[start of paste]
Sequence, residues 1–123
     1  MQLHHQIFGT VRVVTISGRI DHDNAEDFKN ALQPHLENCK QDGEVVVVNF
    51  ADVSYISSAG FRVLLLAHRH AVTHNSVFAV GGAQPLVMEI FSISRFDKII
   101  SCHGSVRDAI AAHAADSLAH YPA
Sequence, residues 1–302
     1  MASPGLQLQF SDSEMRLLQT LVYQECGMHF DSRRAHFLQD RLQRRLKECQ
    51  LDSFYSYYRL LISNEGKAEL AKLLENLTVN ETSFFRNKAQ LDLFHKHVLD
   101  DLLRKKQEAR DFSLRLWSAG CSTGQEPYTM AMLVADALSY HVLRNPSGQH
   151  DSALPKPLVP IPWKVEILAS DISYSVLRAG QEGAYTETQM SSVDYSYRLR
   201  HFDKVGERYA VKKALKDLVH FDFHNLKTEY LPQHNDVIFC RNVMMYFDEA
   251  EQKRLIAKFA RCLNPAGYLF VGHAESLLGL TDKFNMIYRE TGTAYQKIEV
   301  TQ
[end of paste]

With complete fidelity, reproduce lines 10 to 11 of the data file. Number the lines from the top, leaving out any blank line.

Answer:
   201  HFDKVGERYA VKKALKDLVH FDFHNLKTEY LPQHNDVIFC RNVMMYFDEA
   251  EQKRLIAKFA RCLNPAGYLF VGHAESLLGL TDKFNMIYRE TGTAYQKIEV